The term cryosupernatant (also called cryo-poor plasma, cryoprecipitate depleted, cryoprecipitate reduced plasma) refers to plasma from which the cryoprecipitate has been removed. It is used to treat thrombocytopenic purpura.[1]


The resulting plasma has reduced levels of factor VIII (FVIII), von Willebrand factor (VWF), factor XIII (FXIII), fibronectin and fibrinogen. While the levels of FVIII are greatly reduced, levels of fibrinogen can be as much as 70% of original levels.[citation needed]


Cryosupernatant plasma can be used when replacement of FVIII is not required,[2] and is indicated for plasma exchange for patients with thrombotic thrombocytopenic purpura (TTP)[1] as well as for treatment of hemolytic-uremic syndrome (HUS) by plasma exchange, when plasma exchange is indicated.[3]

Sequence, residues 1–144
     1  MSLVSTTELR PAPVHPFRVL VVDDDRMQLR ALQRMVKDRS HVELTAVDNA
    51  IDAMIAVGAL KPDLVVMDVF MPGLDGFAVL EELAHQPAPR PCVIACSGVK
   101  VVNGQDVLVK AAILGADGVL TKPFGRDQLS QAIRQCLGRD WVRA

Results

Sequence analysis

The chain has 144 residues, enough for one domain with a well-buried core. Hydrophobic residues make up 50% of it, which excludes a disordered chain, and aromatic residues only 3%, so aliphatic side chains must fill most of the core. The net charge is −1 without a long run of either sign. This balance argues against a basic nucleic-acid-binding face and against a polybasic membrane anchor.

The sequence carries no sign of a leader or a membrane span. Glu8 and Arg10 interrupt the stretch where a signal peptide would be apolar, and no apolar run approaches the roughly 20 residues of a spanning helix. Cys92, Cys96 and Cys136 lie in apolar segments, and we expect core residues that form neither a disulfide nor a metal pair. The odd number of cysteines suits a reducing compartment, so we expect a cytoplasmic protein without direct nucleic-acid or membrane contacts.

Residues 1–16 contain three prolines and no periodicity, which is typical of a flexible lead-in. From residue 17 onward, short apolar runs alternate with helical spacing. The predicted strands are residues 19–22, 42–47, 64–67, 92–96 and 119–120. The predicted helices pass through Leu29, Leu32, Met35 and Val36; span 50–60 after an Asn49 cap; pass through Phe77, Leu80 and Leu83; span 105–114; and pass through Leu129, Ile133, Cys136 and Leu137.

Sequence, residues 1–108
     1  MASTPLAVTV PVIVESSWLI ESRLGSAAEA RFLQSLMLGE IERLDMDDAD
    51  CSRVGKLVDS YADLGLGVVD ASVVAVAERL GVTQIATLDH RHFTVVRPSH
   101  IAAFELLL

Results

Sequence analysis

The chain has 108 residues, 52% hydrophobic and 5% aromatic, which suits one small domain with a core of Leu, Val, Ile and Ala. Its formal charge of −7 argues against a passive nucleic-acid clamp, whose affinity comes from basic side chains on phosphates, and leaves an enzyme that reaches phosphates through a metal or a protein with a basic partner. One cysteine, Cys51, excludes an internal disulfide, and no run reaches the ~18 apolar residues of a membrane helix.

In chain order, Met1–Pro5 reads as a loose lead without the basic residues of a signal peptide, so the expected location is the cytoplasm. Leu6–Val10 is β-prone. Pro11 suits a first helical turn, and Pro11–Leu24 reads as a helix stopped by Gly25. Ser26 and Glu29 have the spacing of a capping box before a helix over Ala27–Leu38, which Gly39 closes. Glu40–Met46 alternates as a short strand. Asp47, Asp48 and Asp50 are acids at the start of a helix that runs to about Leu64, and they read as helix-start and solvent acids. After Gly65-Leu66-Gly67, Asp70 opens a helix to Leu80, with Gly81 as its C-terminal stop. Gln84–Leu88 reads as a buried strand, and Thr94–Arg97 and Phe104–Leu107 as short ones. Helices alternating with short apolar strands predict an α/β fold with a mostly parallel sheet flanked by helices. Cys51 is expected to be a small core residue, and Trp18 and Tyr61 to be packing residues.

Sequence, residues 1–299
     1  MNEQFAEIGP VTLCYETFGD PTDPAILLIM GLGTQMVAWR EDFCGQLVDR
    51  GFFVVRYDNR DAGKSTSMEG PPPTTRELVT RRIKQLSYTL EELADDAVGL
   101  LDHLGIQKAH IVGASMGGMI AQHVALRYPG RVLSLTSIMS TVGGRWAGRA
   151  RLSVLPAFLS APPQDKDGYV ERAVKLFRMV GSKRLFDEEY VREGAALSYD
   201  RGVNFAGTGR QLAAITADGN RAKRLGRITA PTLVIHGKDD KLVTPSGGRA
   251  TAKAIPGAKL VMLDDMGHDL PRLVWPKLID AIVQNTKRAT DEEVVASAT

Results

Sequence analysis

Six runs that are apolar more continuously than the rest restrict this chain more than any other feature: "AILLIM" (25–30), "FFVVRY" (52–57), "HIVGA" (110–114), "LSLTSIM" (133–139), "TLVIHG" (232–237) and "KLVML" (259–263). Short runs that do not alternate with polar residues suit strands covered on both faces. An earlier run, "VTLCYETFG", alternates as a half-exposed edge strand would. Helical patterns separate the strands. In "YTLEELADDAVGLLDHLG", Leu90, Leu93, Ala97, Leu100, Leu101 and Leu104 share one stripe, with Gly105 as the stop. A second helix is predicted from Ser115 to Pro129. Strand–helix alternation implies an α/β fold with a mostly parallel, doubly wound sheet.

1. ^ a b Shaz, Beth H.; Hillyer, Christopher D.; Roshal, Mikhail; Abrams, Charles S. (2013). Transfusion Medicine and Hemostasis: Clinical and Laboratory Aspects. Newnes. p. 211. ISBN 9780123977885.
  2. ^ Shehata, N., Blajchman, M. & Heddle, N. (21 Dec 2001). "Coagulation factors in fresh frozen plasma (FFP) and cryosupernatant (CSP) plasma (Abstract, in Abstracts of papers presented at the Joint Scientific Conference of the Canadian Society for Transfusion Medicine and Canadian Blood Services, 10–13 May 2001)". Transfusion Medicine. 11 (5): 391–401. doi:10.1046/j.1365-3148.2001.00115.x.{{cite journal}}: CS1 maint: multiple names: authors list (link)
  3. ^ Canadian Blood Services (2004). "F. Cryosupernatant, Leucocytes Reduced (LR)" (PDF). 2004 Circular of Information (PDF). p. 49. Retrieved December 2, 2009.